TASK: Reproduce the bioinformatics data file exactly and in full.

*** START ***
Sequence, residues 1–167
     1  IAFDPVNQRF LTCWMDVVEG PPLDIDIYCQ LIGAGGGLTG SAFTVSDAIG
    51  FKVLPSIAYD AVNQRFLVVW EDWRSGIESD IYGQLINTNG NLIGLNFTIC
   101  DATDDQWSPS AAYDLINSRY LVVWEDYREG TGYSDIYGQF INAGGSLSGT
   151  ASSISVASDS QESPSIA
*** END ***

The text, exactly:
Sequence, residues 1–167
     1  IAFDPVNQRF LTCWMDVVEG PPLDIDIYCQ LIGAGGGLTG SAFTVSDAIG
    51  FKVLPSIAYD AVNQRFLVVW EDWRSGIESD IYGQLINTNG NLIGLNFTIC
   101  DATDDQWSPS AAYDLINSRY LVVWEDYREG TGYSDIYGQF INAGGSLSGT
   151  ASSISVASDS QESPSIA